Education

Scalia Forgets: Black Students Must Work Twice as Hard as White Classmates

The US supreme court justice’s comments this week ignore how minorities don’t bow to the yoke of white supremacy, mediocrity and bigotry – they thrive.

group of african american college students studying together
Photo Credit: michaeljung

Justice Scalia is worried that affirmative action means black students are sometimes “pushed ahead too fast” and suggests we should go to “lesser schools” instead. The conservative US supreme court justice’s concerns are seriously misplaced. The larger issue is can the majority – who have enjoyed the advantage of systemic oppression – handle competition from students who for the length of this country’s history have had to be twice as competent with fewer resources and outlets?

As an African-American woman who went to an elite school, I know my life would’ve been different without Dartmouth. But the university would’ve been lesser without me, too, and the contributions I made while I was a student. 

My contributions to Dartmouth’s diversity go beyond what can be measured by metrics. Nowhere on the Dartmouth website will it tell you about the Sunday night forums held around my dinner table, where students from all walks of life broke bread and talked about what was on their mind, or problems they were having in the lab. It won’t tell you about the advice and care I gave to my residents as an undergraduate adviser. The website will pay lip service to community building, but it’s the students that do the heavy lifting by interacting and supporting one another. 

 

You have to get those stories from undergrads and professors. There are no profiles, no feature stories on those things and there shouldn’t be – I was simply actively participating in the Dartmouth community outside of the classroom.

To focus solely on my GPA and job title as indicators of my success misses the point. College isn’t just about classes, it’s about experiences. A diverse classroom is rife with potential for meaningful discussions and the proliferation of ideas. People of color decimate the challenges given to them in the classroom and in our time away from our desks we often bring depth, nuance and unfiltered perspectives to colleagues that cannot see an issue from a different angle.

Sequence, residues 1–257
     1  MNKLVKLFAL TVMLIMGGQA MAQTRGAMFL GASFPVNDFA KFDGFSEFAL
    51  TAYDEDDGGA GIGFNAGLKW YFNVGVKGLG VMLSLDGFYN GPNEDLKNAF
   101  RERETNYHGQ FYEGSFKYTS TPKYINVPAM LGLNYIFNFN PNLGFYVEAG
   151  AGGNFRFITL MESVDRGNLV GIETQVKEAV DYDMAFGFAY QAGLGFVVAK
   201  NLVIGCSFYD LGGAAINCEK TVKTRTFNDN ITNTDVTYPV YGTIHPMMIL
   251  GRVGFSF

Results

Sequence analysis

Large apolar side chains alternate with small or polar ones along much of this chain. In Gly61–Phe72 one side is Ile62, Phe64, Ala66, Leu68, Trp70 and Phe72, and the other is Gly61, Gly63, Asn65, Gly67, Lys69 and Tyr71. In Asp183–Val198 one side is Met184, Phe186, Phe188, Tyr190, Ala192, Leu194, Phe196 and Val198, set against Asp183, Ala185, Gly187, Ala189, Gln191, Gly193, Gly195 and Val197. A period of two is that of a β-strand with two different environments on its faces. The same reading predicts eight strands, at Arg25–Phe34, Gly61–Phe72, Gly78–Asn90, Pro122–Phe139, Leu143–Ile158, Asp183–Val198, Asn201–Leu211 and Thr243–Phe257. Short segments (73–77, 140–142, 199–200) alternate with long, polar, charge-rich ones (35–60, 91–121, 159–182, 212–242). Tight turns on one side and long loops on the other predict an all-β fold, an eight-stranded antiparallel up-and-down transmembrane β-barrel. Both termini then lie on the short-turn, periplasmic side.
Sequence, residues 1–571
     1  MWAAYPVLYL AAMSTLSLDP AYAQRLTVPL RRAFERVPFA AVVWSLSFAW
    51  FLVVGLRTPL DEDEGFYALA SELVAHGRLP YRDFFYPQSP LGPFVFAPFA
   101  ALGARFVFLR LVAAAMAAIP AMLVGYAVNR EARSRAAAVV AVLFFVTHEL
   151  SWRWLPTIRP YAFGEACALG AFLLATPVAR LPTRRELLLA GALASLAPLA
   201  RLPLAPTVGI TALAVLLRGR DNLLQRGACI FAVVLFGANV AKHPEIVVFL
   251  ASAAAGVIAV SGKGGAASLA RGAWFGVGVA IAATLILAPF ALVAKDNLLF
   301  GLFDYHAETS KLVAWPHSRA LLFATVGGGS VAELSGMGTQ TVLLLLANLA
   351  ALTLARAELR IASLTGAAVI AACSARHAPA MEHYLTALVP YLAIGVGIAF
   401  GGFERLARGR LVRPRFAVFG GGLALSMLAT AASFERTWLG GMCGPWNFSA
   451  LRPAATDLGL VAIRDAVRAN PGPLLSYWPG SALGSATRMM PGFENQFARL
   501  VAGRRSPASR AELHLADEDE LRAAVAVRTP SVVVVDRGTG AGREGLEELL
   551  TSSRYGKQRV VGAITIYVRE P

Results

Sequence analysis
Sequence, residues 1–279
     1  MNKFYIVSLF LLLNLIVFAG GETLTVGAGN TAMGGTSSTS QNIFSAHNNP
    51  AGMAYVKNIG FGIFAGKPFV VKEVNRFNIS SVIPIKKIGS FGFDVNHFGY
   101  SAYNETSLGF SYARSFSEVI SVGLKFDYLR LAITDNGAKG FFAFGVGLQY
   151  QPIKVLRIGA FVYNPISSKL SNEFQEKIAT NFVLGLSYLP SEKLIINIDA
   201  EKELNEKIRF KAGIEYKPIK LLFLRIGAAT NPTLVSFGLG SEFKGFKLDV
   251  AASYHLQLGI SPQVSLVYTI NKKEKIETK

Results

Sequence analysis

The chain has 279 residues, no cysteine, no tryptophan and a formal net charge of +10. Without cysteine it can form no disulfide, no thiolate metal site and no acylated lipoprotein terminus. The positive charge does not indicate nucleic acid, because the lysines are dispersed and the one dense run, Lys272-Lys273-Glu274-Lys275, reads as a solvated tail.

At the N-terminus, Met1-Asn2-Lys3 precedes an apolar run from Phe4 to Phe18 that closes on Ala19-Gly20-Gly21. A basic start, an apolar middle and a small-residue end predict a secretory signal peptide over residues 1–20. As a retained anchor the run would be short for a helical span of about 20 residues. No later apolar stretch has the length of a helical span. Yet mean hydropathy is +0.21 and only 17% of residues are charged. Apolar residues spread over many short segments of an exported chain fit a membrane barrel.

It is not the place of students of color to be forced to teach white students about themselves, but by simply existing in the ivory tower, the majority is forced to grapple with their long-held opinions.

 

I went to school with students (of different races and economic backgrounds) that were better at certain skills than I was, and sitting in a classroom with them pushed my critical-thinking skills to the brink, enhanced my world view and flooded the nooks and crannies of my psyche with new stimuli. I was told “no” at Dartmouth more times than I can count – when I wanted to do an independent study, when I wanted to do a foreign study program and when I wanted to create a senior thesis. I took those “no’s” and tried to turn them into positive experiences. While I was supposed to be abroad I landed my first publishing contract. I was 19 years old.

People of color are thriving at a competitive level instead of just bowing to the yoke of white supremacy, mediocrity and bigotry. Many of this year’s protests by students of color at universities illustrate the disconnect: we’re here, we’re smart, we deserve better than what we’ve been given and we want to be equal – and that includes being represented. 

There’s nothing like being in a competitive environment and seeing someone who looks like you thriving. That’s why seeing professors of color is so important; it isn’t just about the subjects they teach (but those are important too), but the fact that they’ve been through this trial by fire and survived to tell the tale and shape young minds.

 

In my senior year of college, I sat on the Women of Dartmouth panel and gave an accounting of my four years in the middle of the woods. I shared things I learned about myself and the education system in hopes that it would help another student quietly struggling to get by. I tried to dispel the shame of struggling, because I knew that because I didn’t give up, I didn’t break under the pressure – I bloomed. 

In Scalia’s world, elite colleges would continue the system of exploitation and become factories producing lily white products that are xenophobic and out of touch, provocative only because their beliefs go unchecked and un-countered by people actually living the experiences that students only discuss theoretically. In these hostile educational environments people used the suggestion that people of color were affirmative action admissions in order to invalidate and threaten those that dare to take up space and question inequality.

 

Scalia and his constituents are trying to silence the underdog and I refuse to be complicit. No one should be intimidated or discouraged from revealing their potential. Many elite schools are fraught with hostility for people of color, but also with opportunity. We must be prepared to meet with resistance because it will arm us to be agents of change – and that is exactly what the naysayers don’t want.

Latria Graham is a freelance writer and teaching artist from Spartanburg, South Carolina.

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